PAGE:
Granting or non-granting interim maintenance is not punishing any litigant; Kar HC observes Proviso to S. 125 of CrPC provides discretion to court to order interim maintenance during pendency of proceedings

Karnataka High Court

Karnataka High Court: M Nagaprasanna, J., dismissed the petition and refused to grant prayer as the case is at a pre matured stage and is not the right time to post the matter for examination.

The facts of the case are such that the respondent-wife registered a complaint on 7-12-2020 alleging offences punishable under Sections 498A, 504 read with 34 of IPC and preferred application seeking maintenance from the hands of the husband invoking Section 125 of the CrPC. The petitioner thus challenged the entertaining of the proceedings in the case registered by the respondent-wife.

Counsel for petitioner Mr Shivanna submitted that wife on her own consent or with the consent of the husband moved out of the matrimonial house and therefore, the husband –petitioner is not liable to pay any maintenance.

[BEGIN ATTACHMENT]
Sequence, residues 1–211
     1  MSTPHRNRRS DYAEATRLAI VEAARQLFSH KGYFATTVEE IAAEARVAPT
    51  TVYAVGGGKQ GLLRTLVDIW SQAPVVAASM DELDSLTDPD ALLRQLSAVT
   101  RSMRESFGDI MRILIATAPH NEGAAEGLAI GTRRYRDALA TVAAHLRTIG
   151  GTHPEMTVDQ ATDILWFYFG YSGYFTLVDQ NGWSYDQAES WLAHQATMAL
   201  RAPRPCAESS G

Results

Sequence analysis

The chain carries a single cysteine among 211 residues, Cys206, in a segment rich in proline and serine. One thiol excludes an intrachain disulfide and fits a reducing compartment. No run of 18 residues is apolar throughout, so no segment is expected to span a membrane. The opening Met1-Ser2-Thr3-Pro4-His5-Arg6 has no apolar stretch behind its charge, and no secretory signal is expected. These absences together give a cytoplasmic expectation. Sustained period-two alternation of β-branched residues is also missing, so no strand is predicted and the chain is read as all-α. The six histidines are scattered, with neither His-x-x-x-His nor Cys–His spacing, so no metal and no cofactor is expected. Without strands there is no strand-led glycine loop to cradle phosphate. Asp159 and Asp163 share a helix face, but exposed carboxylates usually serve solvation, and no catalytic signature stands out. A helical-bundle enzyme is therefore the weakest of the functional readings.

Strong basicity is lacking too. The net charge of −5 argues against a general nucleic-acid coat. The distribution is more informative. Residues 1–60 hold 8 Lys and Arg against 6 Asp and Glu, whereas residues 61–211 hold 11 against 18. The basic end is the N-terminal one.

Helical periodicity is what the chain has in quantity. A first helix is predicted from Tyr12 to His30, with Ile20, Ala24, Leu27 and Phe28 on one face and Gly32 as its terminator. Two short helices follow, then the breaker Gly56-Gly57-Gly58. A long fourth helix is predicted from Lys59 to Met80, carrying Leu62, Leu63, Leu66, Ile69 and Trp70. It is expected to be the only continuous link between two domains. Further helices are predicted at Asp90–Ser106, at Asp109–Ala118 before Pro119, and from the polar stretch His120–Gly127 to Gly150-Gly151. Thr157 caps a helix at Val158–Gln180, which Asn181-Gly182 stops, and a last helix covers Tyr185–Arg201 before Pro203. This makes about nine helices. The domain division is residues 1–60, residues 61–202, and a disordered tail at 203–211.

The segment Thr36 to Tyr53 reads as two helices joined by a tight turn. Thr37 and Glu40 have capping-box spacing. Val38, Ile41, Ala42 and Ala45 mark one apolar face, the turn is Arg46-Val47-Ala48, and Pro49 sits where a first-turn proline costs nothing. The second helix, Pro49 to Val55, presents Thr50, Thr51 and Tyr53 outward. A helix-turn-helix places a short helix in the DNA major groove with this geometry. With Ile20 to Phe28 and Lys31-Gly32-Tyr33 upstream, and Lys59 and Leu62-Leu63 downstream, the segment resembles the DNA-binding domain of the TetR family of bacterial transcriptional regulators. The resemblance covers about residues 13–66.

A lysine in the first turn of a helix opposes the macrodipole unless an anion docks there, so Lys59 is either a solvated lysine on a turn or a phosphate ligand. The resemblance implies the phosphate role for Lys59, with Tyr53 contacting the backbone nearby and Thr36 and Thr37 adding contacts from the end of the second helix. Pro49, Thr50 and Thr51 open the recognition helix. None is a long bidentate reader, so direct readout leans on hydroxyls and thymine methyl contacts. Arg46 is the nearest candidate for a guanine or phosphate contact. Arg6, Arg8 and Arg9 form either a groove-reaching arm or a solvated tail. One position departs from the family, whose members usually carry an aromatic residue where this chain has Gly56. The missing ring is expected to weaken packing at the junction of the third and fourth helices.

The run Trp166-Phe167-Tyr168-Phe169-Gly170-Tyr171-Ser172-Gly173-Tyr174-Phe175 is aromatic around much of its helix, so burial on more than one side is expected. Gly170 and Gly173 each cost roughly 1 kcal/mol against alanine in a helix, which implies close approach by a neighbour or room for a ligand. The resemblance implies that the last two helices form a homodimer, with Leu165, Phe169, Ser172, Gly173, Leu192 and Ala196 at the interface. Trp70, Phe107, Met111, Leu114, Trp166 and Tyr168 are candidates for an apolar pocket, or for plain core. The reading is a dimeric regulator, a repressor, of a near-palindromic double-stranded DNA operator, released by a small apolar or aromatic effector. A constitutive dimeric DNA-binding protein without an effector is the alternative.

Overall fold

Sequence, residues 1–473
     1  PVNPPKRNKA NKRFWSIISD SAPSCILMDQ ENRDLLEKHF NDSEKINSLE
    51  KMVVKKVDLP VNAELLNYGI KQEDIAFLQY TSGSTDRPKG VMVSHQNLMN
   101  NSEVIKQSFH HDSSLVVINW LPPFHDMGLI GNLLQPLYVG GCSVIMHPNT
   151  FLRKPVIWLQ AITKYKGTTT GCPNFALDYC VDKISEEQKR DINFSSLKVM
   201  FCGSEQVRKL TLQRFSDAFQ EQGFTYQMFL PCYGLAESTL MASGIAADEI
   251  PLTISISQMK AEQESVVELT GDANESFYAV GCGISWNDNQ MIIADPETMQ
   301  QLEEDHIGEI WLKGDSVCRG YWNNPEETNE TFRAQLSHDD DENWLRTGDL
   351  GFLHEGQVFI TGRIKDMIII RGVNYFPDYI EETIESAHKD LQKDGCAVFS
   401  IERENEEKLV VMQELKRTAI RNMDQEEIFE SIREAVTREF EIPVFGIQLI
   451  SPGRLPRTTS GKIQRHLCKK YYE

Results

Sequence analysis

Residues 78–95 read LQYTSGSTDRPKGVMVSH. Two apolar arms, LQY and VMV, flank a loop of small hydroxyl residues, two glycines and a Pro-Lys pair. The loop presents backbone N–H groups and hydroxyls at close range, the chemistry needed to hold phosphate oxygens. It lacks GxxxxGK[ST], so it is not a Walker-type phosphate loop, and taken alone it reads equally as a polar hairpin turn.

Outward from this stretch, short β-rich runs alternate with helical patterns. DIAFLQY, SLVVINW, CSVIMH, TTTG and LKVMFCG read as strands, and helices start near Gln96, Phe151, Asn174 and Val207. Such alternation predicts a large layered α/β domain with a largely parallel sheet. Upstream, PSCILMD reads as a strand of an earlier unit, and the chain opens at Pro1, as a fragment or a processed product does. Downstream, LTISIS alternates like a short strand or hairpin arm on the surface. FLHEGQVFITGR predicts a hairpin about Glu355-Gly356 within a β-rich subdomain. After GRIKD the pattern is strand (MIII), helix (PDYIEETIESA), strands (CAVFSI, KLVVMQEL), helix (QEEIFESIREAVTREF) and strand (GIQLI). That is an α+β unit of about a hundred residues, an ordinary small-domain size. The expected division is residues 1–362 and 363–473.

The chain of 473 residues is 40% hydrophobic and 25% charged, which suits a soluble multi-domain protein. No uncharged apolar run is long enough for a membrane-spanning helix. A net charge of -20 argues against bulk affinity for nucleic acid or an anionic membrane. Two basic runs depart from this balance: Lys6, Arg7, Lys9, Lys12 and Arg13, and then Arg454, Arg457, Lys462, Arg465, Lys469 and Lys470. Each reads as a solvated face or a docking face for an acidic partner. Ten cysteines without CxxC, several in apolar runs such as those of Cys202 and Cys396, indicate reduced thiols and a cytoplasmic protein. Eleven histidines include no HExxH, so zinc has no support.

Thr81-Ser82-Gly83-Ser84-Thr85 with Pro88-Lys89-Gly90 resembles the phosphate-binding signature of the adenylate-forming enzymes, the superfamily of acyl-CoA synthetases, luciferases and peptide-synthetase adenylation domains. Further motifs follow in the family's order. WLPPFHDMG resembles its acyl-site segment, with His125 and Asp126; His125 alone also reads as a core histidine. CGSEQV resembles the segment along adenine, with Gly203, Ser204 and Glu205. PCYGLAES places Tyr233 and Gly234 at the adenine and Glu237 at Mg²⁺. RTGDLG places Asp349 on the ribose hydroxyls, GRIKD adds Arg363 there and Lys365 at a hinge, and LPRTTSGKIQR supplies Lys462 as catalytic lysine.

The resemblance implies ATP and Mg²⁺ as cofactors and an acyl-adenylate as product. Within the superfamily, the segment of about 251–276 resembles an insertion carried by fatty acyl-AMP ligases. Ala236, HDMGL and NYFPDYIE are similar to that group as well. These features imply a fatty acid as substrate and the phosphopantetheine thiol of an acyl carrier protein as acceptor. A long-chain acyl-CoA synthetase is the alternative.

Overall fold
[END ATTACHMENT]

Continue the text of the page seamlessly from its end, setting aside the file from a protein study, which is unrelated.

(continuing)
Counsel for respondent Mr Umesh BN submitted incidents of unbearable harassment and ill-treatment from both by the husband and mother- in- law has resulted in her going away from the matrimonial house. This can by no stretch mean moving away of the wife by mutual consent for the petitioner to contend that proceedings were not maintainable.

The Court reiterates what the Trial Court observed that the proviso to Section 125 CrPC provides discretion to court to order for interim maintenance during the pendency of proceedings and at this pre matured stage court feels it is not just to post the matter for examination. Further granting or non granting of interim maintenance is not punishing any litigant. Prima-facie at this juncture petition shows that petitioner and respondent are not living together since two year and petitioner is living in her maternal house. Hence, the application filed by the respondent under Sections 125 and 126 of CrPC is concerned it will be considered at the time of hearing on main petition.

Hence, the application filed by the respondent under Sections 125 and 126 of CrPC is kept in abeyance as examination of the parties is not at all necessary for deciding interim application is maintenance.

The Court thus held “no grounds to interfere at this juncture, the petition stands dismissed.” [Sathish v. Ambika, Criminal Petition No. 474 of 2022, decided on 12-04-2022]


Arunima Bose, Editorial Assistant has reported this brief.

Join the discussion

Your email address will not be published.

This site uses Akismet to reduce spam. Learn how your comment data is processed.